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« BACK | HOME » ABOUT » THE SPIRIT SPEAKS » I BUM STEWART LEE

I BUM STEWART LEE

For my birthday, my inappropriately young girlfriend Trixie buys me two tickets to see my favourite stand-up comedian, Stewart Lee. He’s the edgy, handsome half of the duo that did 'Fist of Fun' in the nineties. For four years he was very hot. Then he wasn't. He spent a decade getting fat and doing increasingly bitter and surreal sets to uncomfortable social workers in provincial arts centres. Then he suddenly bounced back onto TV by accidentally co-writing 'Jerry Springer- The Opera'. Now, off the back of a Comedy Vehicle called 'Stewart Lee's Comedy Vehicle' he's doing an extended run at the Leicester Square theatre. Walking through Soho I'm going on about how great Stewart Lee is. Trixie says:  

'You Bum him, don't you!'   

When Trixie was at school in Sheffield, which wasn't very long ago, that’s what you used to say to a boy if he seemed to be getting too obviously affectionate towards another boy. I don't know him personally, but it's true; I Bum Stewart Lee.  

Years in the wilderness have turned his smart - arse scepticism into a furious desperation. Cruelly toying with the sentimentality of the audience, he persuades them that the latest advertising slogan for Magner's Cider was plagiarized from his Nan's deathbed. Brilliant.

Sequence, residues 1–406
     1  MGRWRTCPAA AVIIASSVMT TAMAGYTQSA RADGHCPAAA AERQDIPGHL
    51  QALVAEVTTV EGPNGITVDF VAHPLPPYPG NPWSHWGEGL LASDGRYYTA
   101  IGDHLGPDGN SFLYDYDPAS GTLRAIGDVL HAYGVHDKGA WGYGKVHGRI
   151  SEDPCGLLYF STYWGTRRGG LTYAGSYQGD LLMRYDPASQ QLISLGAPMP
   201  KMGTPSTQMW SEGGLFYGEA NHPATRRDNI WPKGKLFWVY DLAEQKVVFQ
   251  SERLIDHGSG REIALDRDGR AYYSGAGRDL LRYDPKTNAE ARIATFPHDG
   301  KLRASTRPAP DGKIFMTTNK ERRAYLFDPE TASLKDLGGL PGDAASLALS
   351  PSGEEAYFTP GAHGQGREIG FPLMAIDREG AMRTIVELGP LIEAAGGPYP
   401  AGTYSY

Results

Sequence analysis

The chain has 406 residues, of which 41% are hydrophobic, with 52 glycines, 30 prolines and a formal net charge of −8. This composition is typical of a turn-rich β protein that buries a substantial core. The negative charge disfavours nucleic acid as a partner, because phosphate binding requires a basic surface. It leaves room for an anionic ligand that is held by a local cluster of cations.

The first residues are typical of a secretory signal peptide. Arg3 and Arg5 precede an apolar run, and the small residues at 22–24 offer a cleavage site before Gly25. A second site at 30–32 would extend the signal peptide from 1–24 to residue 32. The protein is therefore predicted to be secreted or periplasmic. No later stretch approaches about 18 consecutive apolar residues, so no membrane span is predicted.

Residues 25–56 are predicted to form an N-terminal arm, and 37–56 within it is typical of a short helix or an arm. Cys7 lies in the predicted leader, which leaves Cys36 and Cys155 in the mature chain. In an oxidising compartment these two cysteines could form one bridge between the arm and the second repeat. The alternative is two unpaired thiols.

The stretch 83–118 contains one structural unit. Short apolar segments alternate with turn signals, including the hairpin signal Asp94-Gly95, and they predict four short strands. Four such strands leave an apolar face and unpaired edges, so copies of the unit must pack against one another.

Continuing the theme, he fulminates over Magner's co - option of  'Galway Girl'; a song he'd associated with his beautiful Irish wife until Magner's killed it for him with a mawkish and irritating T.V campaign.   

Silently, he picks up the acoustic guitar that's been sitting ominously by his side throughout the set. It's always an anxious moment when a stand-up comedian picks up an acoustic guitar...but Lee pulls off a well executed, possibly even moving rendition of Steve Earl's romantic ballad, segueing effortlessly into a biting satire of the drinks industry. Phew.  

Without bothering to take a bow, Lee jogs up the aisle and vanishes behind a curtain, even as the punters applaud his comedic genius. I'm guessing he's dashing to escape the sycophantic mob.  But I'm a bit hurt that he's in such a hurry to get away from us. From me.   

We file out of the auditorium, into the foyer, and past the inevitable merchandising stall behind which is standing...Stewart Lee.  

Imagine you'd gone to see, say, Waiting for Godot at the Royal Court, and you'd just come out of the theatre, still reeling from the existential shock of the absurd, Godless universe, that had just been played out before you. Then, just before you tearfully launched yourself back into the endless night of starlit futility, you turned round and saw Samuel Beckett standing in front of a row of DVD's and T-shirts, smiling wanly with a Sharpie in his hand. You'd be troubled. Disappointed. Appalled even. But you'd still get a signed T shirt off the Cricket-Playing-Modernist-Era-Defining-Sell-Out-Paddy-Cunt. And if he asked you for a blow job, well... you'd at least think about it. Come on, It's Samuel Beckett!!!